Being naturally a sound and long sleeper has been ranked among the surest prognostics of a long life, and sleep after a wasting disease as the most certain symptom of recovery. Most brain-workers are subject to occasional fits of insomnia, but the faculty of sustaining health and vigor upon a very small allowance of sleep is generally a concomitant of mental inferiority, or at least inactivity. The most intelligent animals, dogs and monkeys, sleep the longest; stupid brutes merely stretch their legs, their inert brain requires no rest; a cow never sleeps in the proper sense of the word. Mirabeau, Goethe, and James Quin often slumbered for twelve or fourteen hours successively, while Leopold I, of Austria, and Charles IV, of Spain, the heartless and brainless bigots, could content themselves with five hours of sleep out of the twenty-four, and their prototype, the Emperor Justinian, often even with one.—(Gibbon's "Rome," vol. vii, p. 406.)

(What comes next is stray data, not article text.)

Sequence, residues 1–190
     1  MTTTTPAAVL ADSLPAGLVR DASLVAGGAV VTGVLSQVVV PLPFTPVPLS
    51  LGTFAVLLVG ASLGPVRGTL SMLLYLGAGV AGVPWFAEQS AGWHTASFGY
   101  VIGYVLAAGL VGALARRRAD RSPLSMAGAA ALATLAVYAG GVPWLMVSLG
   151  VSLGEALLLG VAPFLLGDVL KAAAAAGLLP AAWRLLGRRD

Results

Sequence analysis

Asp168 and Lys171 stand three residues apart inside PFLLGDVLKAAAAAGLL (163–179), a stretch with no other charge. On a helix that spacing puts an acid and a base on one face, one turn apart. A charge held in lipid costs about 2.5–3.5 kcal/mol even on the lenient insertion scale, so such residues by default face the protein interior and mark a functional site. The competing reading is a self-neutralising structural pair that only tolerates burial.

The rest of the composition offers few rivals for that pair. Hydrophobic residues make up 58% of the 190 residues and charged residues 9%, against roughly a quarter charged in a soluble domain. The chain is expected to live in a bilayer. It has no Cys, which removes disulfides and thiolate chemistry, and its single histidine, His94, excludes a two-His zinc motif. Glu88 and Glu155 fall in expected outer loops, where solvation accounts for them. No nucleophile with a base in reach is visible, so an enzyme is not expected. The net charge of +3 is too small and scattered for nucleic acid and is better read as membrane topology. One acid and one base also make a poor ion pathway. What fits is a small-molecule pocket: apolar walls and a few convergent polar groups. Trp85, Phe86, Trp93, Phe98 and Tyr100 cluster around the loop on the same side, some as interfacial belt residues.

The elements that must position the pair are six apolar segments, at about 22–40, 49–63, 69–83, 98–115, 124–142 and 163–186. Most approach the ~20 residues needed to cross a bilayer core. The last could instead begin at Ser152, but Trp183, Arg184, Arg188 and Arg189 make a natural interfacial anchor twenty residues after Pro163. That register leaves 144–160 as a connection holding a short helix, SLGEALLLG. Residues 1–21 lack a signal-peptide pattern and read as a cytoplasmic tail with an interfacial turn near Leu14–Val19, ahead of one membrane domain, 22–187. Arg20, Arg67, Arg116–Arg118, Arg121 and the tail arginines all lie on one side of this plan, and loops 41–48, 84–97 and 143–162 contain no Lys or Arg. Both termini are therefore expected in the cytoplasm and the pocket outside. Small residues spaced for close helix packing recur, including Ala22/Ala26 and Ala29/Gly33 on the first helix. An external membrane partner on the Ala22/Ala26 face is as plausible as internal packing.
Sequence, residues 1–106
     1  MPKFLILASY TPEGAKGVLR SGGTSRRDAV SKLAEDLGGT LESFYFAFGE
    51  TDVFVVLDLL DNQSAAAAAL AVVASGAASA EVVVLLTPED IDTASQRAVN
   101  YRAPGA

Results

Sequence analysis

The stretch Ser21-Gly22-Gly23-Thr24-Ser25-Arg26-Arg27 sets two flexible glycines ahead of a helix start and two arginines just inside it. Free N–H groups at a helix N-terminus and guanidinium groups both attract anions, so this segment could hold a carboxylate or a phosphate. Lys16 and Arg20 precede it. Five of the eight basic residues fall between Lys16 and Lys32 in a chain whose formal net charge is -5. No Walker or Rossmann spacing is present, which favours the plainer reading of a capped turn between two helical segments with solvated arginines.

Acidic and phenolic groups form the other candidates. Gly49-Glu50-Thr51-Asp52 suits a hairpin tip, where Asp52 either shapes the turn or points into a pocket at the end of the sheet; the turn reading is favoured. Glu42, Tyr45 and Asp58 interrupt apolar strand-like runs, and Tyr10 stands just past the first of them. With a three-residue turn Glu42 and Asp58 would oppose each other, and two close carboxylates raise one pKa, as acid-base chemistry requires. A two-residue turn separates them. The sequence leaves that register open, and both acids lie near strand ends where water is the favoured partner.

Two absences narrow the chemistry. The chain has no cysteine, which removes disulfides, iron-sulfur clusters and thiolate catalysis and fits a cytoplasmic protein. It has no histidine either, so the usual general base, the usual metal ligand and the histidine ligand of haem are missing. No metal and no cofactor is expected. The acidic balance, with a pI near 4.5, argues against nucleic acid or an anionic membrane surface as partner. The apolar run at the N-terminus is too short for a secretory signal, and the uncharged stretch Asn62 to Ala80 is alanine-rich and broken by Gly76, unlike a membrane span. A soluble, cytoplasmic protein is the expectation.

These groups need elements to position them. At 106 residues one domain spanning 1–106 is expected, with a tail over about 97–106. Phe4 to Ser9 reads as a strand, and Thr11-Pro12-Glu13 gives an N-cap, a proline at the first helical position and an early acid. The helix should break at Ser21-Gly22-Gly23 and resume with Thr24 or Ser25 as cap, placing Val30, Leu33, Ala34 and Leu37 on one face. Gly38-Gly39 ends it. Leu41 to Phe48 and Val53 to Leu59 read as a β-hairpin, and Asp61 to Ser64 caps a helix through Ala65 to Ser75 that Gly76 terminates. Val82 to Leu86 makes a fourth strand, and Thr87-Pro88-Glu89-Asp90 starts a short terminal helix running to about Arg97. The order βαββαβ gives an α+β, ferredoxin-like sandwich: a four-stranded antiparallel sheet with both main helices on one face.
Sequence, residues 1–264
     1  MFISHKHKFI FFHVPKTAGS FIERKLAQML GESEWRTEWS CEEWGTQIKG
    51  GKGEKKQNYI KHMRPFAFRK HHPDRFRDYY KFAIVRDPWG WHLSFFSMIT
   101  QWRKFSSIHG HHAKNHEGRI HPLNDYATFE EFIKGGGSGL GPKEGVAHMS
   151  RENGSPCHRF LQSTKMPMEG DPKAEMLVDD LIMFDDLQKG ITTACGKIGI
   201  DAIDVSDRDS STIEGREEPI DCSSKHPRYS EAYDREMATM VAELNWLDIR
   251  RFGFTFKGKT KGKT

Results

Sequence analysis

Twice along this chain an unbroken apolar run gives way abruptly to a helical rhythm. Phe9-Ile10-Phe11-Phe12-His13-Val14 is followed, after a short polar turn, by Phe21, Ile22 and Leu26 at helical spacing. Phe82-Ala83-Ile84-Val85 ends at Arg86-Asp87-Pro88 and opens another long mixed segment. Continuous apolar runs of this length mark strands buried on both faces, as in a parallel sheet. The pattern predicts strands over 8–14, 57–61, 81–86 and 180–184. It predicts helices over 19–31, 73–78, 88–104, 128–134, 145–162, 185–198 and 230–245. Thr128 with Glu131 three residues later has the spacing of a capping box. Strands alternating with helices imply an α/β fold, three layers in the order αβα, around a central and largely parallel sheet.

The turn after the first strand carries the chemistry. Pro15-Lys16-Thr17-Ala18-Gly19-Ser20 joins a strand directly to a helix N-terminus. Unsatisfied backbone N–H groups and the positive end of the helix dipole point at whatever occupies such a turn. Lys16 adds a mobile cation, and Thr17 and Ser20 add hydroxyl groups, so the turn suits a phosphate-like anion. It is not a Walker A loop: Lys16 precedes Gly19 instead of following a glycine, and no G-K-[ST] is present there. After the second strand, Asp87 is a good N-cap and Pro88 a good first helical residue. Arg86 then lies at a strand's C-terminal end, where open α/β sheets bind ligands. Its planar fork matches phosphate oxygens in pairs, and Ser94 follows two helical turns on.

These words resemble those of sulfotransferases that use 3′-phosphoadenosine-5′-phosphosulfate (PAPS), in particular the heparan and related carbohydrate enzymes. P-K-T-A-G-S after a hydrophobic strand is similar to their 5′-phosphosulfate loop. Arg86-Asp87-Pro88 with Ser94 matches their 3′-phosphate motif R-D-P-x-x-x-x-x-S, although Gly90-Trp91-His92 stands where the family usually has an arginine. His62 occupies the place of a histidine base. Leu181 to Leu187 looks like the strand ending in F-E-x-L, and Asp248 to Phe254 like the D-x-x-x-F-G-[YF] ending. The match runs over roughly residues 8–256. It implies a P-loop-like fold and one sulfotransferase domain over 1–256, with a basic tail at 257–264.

Heinrich Heine wonders why Jehovah did not square his account with our wicked forefathers by punishing them in their sleep, instead of compromising their innocent progeny. Dietetic sins often avenge themselves in that way; blutwurst, sauerkraut, or short-cakes with pork-fritters, generally result in apocalyptic visions, and an eel-pie for supper is a reliable receipt for a first-class nightmare. Vivid dreams, per se, however, are by no means a morbid symptom; on the contrary, the scenes of the slumber-drama are most lively and lifelike in the happiest years of childhood; and I remember a time when I longed for the bed-hour, in anticipation of a pleasant dream-land excursion. Children are apt to relate their trance adventures, and I would encourage the habit; dreams, as the elder Pliny already observes, may often afford a suggestive insight into the ethical condition of the mind; also into the condition of the stomach. Melodramatic incidents indicate the presence of irritating ingesta, and the least attempt at clairvoyance calls for out-door exercise and an aperient diet. A South-German feather-bed is a Trophonian cave; the difficulty of turning from side to side crowds the brain with alarming phantasms, and the excessive warmth of the thing itself is apt to affect the imagination. The best bed is, indeed, a hard, broad mattress, or a well-stuffed straw tick, and, for reasons I have stated in the chapter on "In-door Life" a woolen blanket over a linen bed-sheet is preferable to a quilt. Those who find it uncomfortable to sleep in an absolutely horizontal position should slightly raise the head-end of the bedstead rather than use a thick bolster. A thick pillow bends the head upon the breast, or keeps the neck in a position that aggravates the distress of respiratory difficulties. Woven-wire mattresses recommend themselves by their cleanliness and durability; their elastic qualities alone would hardly justify a great expense, though luxury has even devised an "hydrostatic bed," a trough of water with a tegument of caoutchouc. History records the name of the Sybarite who "cried aloud because a leaflet of his flower-mattress got crumpled"; and Chevalier Luckner, the Russian Lucullus, built himself an air-pillow bed on noiseless wheels, that could be turned by a hand-lever, in order to move the sleeping-car from or toward the stove, the aphelion and perihelion being determined by the state of the out-door atmosphere. Such chevaliers deserve the penance of Ezekiel (iv, 3-6), who had to lie three hundred and ninety days on his left side for the iniquity of the house of Israel, and forty days extra for the iniquity of the house of Judah. A weary head needs no air-cushions, with noiseless wheel-attachments; brakesmen take their intermittent naps on the hard caboose-bunk of a rumbling freight-train; and the log of the Royal Sovereign records that, during the heat of the battle of the Nile, some of the over-fatigued boys fell asleep upon the deck.